Closings

Why Does It Take So Long to Close on a New Home?

You have finally reached a deal to buy or sell your home, and you’re eager to get to closing. Then your attorney/closing agent tells you that will happen in approximately one month.

Why, you wonder, does it take so long?

Banks Are the Biggest Holdups

When a buyer takes a mortgage, the closing timetable is set by the lender, which is often thirty days. If the buyer is participating in a special first-time homebuyer mortgage, or is getting a loan from the Veterans Administration housing program, the process takes even longer.

To prevent extra delays beyond this timetable, it is crucial that buyers apply for their mortgage as soon as the contract is signed. They should also respond right away to subsequent lender requests for documentation.

Even better is to anticipate these requests before they happen, by gathering up information you know the bank will need, such as recent paycheck stubs or W2s, bank statements, tax returns, and divorce or bankruptcy decrees if applicable. Be sure to keep copies handy when you submit the documents; inexperienced loan officers misplacing your information is a common cause of extra delays.

Lien Letters and HOA/Condo Approval Also Take Time

As soon as I am sent a contract for a client’s real estate closing, my office looks for open liens on the property, such as tax liens or those by unpaid contractors, in order to close them as soon as possible to remain in the contract’s timetable.

Depending on the location of the property, we also request a letter from the city stating the property is clear of its liens, for such things as open permits, water bills, code enforcement violations, and the like. Getting an all-clear lien letter from the city is an important way buyers and sellers are protected from later surprises; unfortunately, it is a step some title companies chose to skimp on.

If the sale requires the approval of a homeowners association (HOA) or condo board, this also takes time, as some communities review new owner information only on a set schedule. Again, buyers can prevent additional delays by submitting the required information to the property’s management company quickly.

Major Problems That Cause Long Delays

Sometimes, a substantial problem turns up during the escrow process that can cause significant delays to a deal. My office works to fix these problems as quickly as possible.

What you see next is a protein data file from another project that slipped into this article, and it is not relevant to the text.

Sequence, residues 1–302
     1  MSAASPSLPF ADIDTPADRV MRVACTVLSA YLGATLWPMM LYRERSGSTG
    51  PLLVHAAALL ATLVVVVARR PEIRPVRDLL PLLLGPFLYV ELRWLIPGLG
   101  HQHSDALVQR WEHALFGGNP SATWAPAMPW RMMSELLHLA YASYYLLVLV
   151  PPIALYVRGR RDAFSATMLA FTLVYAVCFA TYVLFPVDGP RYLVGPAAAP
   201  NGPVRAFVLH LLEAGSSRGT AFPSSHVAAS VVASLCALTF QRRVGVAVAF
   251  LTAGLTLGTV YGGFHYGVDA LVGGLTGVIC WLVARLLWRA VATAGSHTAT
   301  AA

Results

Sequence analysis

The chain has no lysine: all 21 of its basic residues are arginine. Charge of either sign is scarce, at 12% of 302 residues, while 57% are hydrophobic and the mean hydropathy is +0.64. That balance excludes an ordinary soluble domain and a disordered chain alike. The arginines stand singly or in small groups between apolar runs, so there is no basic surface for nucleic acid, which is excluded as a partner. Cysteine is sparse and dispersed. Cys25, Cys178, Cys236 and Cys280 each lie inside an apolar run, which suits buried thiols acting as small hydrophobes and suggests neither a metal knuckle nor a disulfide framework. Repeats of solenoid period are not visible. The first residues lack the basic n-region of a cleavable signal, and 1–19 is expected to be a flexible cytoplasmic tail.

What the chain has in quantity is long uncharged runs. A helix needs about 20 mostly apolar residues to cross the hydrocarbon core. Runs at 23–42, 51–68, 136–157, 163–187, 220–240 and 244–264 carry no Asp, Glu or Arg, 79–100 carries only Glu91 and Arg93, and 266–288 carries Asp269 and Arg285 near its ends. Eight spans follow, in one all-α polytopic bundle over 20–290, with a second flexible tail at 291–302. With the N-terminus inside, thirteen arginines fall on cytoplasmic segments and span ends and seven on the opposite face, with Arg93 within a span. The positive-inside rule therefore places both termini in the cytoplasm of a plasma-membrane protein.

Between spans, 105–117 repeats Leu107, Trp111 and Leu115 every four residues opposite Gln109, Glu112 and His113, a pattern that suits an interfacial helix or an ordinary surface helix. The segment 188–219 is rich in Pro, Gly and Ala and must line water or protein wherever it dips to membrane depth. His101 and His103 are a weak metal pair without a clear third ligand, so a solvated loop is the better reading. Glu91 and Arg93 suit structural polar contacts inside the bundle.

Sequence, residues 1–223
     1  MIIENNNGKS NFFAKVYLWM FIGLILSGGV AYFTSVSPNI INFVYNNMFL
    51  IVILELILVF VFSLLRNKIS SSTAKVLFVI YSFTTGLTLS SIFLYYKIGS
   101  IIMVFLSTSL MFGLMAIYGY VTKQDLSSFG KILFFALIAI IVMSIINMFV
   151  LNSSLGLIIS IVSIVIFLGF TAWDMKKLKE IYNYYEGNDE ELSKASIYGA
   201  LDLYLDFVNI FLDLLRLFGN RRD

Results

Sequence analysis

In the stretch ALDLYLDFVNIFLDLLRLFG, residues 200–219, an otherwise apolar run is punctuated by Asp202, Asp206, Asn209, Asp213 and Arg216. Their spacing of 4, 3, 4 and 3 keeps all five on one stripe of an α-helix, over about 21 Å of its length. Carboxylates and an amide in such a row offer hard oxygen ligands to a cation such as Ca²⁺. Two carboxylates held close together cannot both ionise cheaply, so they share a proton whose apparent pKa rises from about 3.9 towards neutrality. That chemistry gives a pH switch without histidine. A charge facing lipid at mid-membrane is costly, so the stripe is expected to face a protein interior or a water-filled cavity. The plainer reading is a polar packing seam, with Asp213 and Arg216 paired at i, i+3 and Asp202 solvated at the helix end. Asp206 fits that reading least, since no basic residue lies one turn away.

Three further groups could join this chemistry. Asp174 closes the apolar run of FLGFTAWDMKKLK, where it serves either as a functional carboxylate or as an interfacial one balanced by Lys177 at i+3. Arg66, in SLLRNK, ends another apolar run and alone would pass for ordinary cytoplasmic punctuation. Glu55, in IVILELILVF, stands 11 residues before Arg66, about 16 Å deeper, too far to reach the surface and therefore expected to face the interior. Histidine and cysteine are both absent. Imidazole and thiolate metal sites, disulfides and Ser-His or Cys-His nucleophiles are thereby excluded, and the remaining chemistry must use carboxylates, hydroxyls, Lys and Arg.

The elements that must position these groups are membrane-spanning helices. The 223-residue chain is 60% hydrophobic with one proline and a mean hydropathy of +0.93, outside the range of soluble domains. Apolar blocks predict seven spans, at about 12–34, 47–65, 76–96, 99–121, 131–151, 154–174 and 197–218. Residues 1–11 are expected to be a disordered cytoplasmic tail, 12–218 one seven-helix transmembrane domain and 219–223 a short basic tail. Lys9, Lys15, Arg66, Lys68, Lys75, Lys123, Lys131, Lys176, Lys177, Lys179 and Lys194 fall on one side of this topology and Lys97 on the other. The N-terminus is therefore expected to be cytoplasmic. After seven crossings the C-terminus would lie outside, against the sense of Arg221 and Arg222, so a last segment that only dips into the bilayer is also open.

When we do a title search, for instance, we sometimes discover a “cloud on the title of the property,” which is lawyer-speak for a defect in the chain of ownership of the home. This might mean that the prior closing agent accidentally included the wrong legal description on the deed, or perhaps a deceased owner’s estate wasn’t properly probated.

To clear the title, we might need to find a prior owner and have them re-sign the deed, or we might have to go to court to ask a judge to approve a legal fix.

Another cause of significant closing delays is an appraisal that comes in below the sales price. Banks won’t lend money for a home that doesn’t appraise at the contracted price. This low appraisal typically causes negotiations between the buyer and seller to re-open, so they can reach a new deal the lender will approve.

And if the home’s inspection (which should be ordered as soon as the contract is signed, one of the most important steps a buyer takes) reveals repairs that must be done according to the contract’s terms, this can also push back the schedule.

Smaller Problems That May Tank the Timetable

Buyers and sellers can do their part to keep the process moving during the escrow period, and to avoid the unnecessary delays I see too often in my practice.

These include:

  • The buyer should quickly clear any debt that must be paid as a condition of your lender.
  • The buyer must ensure that the full amount of money which must be brought to the closing is properly wired from your bank beforehand. (No closing agent will take a personal check, and many no longer take bank cashier’s checks due to increased fraud.)
  • Homeowners insurance should be arranged well before the purchase is complete.
  • And, for both buyers and sellers, if they plan to change their marital status before the closing, they must notify their attorney/closing agent right away, since marital status is listed in the documents and in the deed.

Buyers and sellers who are careful to do every required step quickly will find their closing happens within the contract’s timeframe. But with all the actions that must be taken by the parties, by the bank, and by the attorney/closing agent, it is clear that a month is a reasonable period to wait.

Having the Law Office of Gary M. Landau by your side during each step in a probate, will/trust, or real estate matter helps insure that the process goes as smoothly as possible. The Law Office of Gary Landau is located in Coral Springs, Florida, and is rated 10 out of 10 by the legal website AVVO. For more information, call 954-979-6566 or email us for a free consultation.

 

Law Office of Gary M. Landau P.A.
7401 Wiles Road, Suite 204
Coral Springs, FL 33067
954-979-6566

 

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